“When you are trying to start a fire, it always begins as a very small flame….Just some tinder, some heat, and some air creates the tiniest flame,” Martine writes in his post “11 Blogging Fears and How to Overcome them for Good — Part 1”. He continues, “But we nurture that tiny flame until it becomes a roaring, toasty fire.”

I don’t know about “roaring,” but I got a modest flame going — made even nicer by bloggers Zoe Valentine (of Zoe Says) and Robert Hookey (of You’ve Been Hooked and The Book of Terrible), both of whom I recently profiled in previous posts. I’m grateful to them for spreading the word and linking to the features I wrote on them; I’m also thrilled their readers boosted my number of views, followers and likes.

When I was a new blogger, the articles and posts about “best practices” seemed overwhelming, though I appreciated the info, which included successful habits — like interacting with readers through comments, using web tools to publicize posts, reading other bloggers, etc.

Then there’s the ongoing debate over blogging routine — whether to post everyday, twice a week, or monthly. “Some bloggers do best when they’re in a steady routine,” writes Ali Luke (of Aliventures), in his guest post at problogger.net. “If you find that posting once or twice a week quickly ends up as posting once or twice a month, then you might actually find it easier to post every day. That way, you can build a strong writing habit.”

I don’t think it’s wrong to blog once or twice a month if you’re posting longer (800-1,500 words), in-depth, well-researched pieces that give your readers enough to chew over until the next post.

In its early stages, I wanted my blog to showcase magazine-style articles about the artists, educators and advocates I met while drifting through under-the-radar D.C. I wanted to introduce them to my readers. For that, I knew I didn’t have the creative endurance to generate post ideas daily, let alone twice a week.

And that’s not what this blog wanted, anyway; it certainly wasn’t feeling what I envisioned for it. In many ways, this blog is analogous to my soon-to-be-four-year-old niece who pretends to fall asleep at nap time before wiggling herself across the bed, away from “Nana” (my mom), who’s nodded off.

(PHOTO: Alan W. King) My niece, Anicia

(PHOTO: Alan W. King) My niece, Anicia

This is the same girl who corrects strangers when they mispronounce her name: Anicia (ah-NEE-sha) — the one who smiles while imitating Nana and “Poppa” snoring. She once told “Nana” she’ll one day be “Dr. Anicia.”

Her sense of self is as frightening as it is exciting. “By the time your child is three years old, she has made remarkable developmental strides — some willingly, others less so,” Dr. Michael Meyerhoff, a child specialist, writes in his article “Understanding How Children Mature”.

”These strides are not only intellectual but social and emotional as well,” he continues. “Though still dependent upon you, your three year old has begun to establish her sense of self and many of the elements of her adult personality.”

(ARTWORK: Stock Image)

Now, if a child specialist calls a 3-year-old’s actions normal, then why should I expect different from my blog — my baby — that’s a month older than my niece. I knew what I had to do, which resulted in my blog being a far cry from what I initially wanted.

Letting it evolve on its own terms, under my paternal guidance, resulted in a shift away from covering D.C. to including book reviews and — during my grad school days — essays and short stories. My once or three-times a month blogging schedule became whenever I could.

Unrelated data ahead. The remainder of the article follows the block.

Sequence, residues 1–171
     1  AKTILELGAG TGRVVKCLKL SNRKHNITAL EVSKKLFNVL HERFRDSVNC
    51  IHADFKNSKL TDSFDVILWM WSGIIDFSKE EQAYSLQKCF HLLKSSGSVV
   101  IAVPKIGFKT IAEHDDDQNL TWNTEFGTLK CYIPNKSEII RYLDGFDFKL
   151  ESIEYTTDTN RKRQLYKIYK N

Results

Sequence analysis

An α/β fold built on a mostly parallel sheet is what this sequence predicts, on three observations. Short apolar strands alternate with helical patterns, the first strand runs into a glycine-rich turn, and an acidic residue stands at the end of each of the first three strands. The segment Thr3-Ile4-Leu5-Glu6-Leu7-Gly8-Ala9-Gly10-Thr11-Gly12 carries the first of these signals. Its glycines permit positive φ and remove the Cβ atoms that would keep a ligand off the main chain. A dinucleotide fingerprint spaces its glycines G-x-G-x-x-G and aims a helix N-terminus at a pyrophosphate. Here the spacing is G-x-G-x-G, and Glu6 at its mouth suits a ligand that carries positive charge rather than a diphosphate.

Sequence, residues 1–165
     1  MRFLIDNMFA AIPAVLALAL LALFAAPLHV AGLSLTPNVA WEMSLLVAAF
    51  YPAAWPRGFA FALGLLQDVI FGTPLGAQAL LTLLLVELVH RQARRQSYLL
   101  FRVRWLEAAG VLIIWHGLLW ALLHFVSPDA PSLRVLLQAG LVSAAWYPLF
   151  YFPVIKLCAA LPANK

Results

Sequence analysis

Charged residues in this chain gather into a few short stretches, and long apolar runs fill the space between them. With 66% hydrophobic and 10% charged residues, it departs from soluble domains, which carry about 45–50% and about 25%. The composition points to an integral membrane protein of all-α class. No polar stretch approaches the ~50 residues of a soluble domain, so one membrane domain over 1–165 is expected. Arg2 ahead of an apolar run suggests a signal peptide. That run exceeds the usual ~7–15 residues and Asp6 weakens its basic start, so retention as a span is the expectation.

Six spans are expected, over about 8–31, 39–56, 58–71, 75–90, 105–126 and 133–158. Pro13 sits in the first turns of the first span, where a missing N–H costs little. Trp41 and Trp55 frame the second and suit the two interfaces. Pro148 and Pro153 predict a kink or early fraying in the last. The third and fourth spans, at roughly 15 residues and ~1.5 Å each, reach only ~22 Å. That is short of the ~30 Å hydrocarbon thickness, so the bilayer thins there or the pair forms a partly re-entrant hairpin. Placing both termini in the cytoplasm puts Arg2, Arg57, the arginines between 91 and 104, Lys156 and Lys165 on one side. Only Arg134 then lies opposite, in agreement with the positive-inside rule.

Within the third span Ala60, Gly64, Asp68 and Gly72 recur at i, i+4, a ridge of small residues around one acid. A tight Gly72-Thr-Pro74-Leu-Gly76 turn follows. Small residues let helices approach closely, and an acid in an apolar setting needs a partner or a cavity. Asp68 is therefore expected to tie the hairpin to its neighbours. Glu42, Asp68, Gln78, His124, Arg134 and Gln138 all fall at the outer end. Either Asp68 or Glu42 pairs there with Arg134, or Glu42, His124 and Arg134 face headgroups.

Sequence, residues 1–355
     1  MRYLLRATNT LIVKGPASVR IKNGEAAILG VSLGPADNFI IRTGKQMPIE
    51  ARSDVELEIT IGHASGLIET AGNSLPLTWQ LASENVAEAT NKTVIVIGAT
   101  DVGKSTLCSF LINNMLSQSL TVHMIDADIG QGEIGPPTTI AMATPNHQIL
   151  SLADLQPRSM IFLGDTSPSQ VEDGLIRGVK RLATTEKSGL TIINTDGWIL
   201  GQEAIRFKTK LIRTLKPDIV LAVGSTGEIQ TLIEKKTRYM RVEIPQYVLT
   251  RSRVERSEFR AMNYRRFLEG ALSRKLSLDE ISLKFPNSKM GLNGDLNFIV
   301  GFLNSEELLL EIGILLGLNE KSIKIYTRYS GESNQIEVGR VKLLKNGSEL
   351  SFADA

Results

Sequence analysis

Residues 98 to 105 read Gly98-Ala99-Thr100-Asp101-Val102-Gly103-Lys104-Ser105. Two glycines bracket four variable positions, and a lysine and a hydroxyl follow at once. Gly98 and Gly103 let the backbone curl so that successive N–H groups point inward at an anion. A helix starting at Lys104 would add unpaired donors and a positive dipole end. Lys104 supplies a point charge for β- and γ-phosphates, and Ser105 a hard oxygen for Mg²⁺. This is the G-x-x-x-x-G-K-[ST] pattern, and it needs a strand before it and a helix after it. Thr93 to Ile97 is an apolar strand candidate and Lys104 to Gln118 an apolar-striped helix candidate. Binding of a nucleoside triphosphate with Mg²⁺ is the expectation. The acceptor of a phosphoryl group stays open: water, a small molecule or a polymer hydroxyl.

And I’d feel bad if it wasn’t for Zoe Valentine’s advice on avoiding burnout. “I went ten months without a new post between last year and this year as I had started a very demanding new job,” Valentine told me last month. “I’ve had my ups and downs, as any writer/blogger does.” But she didn’t beat herself up for not posting weekly. That, she said, helped keep her going.

I’d feel bad if it wasn’t for the fact that you all love me anyway — enough to keep following me or checking in to see what’s new. And, while it’s easy for any blogger to take their readers for granted, I think you should know how much I appreciate all 2,880 of you.

I’m far from a rock star blogger, but your attention’s enough to make me feel like a headliner jamming before a packed concert hall. It’s enough to make me feel electric, charged off you gigawatts of bright energy.

(ARTWORK: Krista Franklin)

Like Ralph Ellison’s narrator in Invisible Man, Iain Haley Pollock’s speaker in Spit Back A Boy is the invisible underdog. He’s a man torn between his “black mother’s blood”[1] and his white father. And, like Ellison’s invisible narrator, Pollack’s speaker battles the stereotypes that make him invisible since he’s not seen as a real person. This journey to identity is an involved one through which Pollack’s speaker revisits the middle passage[2] and Hurricane Katrina’s aftermath[3]. Along the way he encounters an orisha[4] while roaming Philly’s mean streets[5].

The speaker’s longing for home is analogous to the enslaved Igbo’s longing for home in the poem “Port of Origin: Lancaster,” a poem about the middle passage. About 15 percent, or nearly two million, Africans died while being transported from African countries to Europe, Brazil and the U.S. as part of the Atlantic slave trade, according to various sources. Pollack’s speaker in “Port of Origin: Lancaster” remembers what he read about the suicides from slaves throwing themselves overboard that contributed to the high mortality rates:

When salt swallowed breath,
Igbo souls leapt from the water
as great sea eagles. Talons gripped
black bodies as a she-bear lifts
her cub by the scruff. Wings
throbbed air until all passed back
to Igboland.[6]